So, why can Apple afford not to raise prices this year? For sure, part of is a marketing expense that wants to make customers perceive the iPhone as somewhat in reach in an inflationary environment where everything costs more. But, the impact on the revenue will not be as great as we may expect because Apple knows that it is monetizing better all its users. Therefore, Apple knows that even though purchase price of the iPhones remains the same, the company is extracting more money from a device compared to what it was able to do just a year ago.

In fact, if we divide last year’s services revenue by Apple’s users we see that in 2021 every user spent around $68 in annual services (keep in mind that the $2 per day reported above takes into account products and services together). This year Apple should see at least an 11.7% growth to $76 annual services revenue per user. Clearly, the annual services revenue per user is meaningful.

We can also look at this revenue from another point of view to understand the possible growth for this segment. During the last earnings call, Tim Cook reported that

We now have more than 860 million paid subscriptions across the services on our platform, which is up more than 160 million during the last 12 months alone.

If we divide the $76.8 billion services revenue by the 860 million paid subscription we get that the revenue per subscription is $89, which proves once more that Apple knows it has room to turn more users into paying subscribers.

In any case, this services growth is enough to offset the current inflation rate, which, as many believe, is set to come down during 2023, where services should have at least a 21% weight on total revenues. Thus, even if the products revenue stays flat (and this would be somewhat of a surprise given the fact that the premium segment is growing), we would have a fifth of total revenues bump up another 10-13%, with a very low cost of sales. The impact on the revenue might still be just around 2%, however the impact on the gross margin will be already more tangible, lifting it up above 42% thus leading Apple to new record profits.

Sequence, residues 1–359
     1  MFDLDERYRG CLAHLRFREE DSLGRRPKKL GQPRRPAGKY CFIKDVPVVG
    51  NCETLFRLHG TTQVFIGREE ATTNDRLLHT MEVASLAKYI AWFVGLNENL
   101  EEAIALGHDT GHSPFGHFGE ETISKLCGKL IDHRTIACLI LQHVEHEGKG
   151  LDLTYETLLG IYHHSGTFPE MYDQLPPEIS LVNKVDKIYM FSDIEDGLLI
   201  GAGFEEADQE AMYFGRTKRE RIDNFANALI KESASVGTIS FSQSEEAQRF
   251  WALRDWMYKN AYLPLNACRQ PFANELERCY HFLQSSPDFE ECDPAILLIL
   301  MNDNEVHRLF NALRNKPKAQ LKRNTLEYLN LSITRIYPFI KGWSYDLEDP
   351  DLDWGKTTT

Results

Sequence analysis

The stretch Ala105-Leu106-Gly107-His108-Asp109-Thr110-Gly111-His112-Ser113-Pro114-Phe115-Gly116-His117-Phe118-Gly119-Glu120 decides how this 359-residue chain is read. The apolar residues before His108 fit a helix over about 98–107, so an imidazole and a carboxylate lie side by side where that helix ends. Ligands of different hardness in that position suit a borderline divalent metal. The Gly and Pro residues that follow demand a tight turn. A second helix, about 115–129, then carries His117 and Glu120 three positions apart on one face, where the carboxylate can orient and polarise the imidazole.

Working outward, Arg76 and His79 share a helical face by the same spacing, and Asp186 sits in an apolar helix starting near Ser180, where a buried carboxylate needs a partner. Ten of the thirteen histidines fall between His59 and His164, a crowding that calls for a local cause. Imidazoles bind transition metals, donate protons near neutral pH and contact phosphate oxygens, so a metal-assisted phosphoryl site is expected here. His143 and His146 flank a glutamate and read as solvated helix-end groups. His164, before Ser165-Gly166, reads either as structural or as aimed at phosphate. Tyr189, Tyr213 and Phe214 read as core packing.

To this strategy, we could also add that Apple is developing its direct to consumer sales through its e-commerce. Some estimates show that around 15% of iPhone shipments, 30% of Mac/iPads, and 20-25% of Wearables (AirPods and Apple Watch) are sold directly through this channel which brings Apple to enjoy more margins while decreasing sales costs.

We mentioned briefly that Apple could also have a FX problem. While I think the company may expect a little weakening of the dollar, given the point it has reached this year, I think that the fact the company didn’t raise prices show how much Apple relies on the shift towards services revenue.

Conclusion

The first stock I invested in was Apple. At that time I didn’t know how to read financial statements, nor did I have any particular experience of investing other than having heard a few ideas from my father who had been doing it. But I was sure of the brand. Alas, when I saw a 40% gain I sold my single share and I used the dividends received meanwhile to go drink a coffee. Had I kept that share, now I would have much more. However, the more I developed a passion for investing, the more I returned to Apple and started noticing that the company is not idle nor just sits on its earned status. I keep on seeing a company that becomes more profitable and that is actually set to have a moat no other subscription company has ever enjoyed with the combination of hardware devices that produces recurrent revenue. Financials are important and I always look at them, but in Apple’s case (as in many others) it is important to understand the driving force behind these numbers in order to understand how a business can fare in the future. I think Apple is yet to deliver good and improving results as it leverages its moat and this is why I keep on rating it a buy.

Leave a Reply

Your email address will not be published.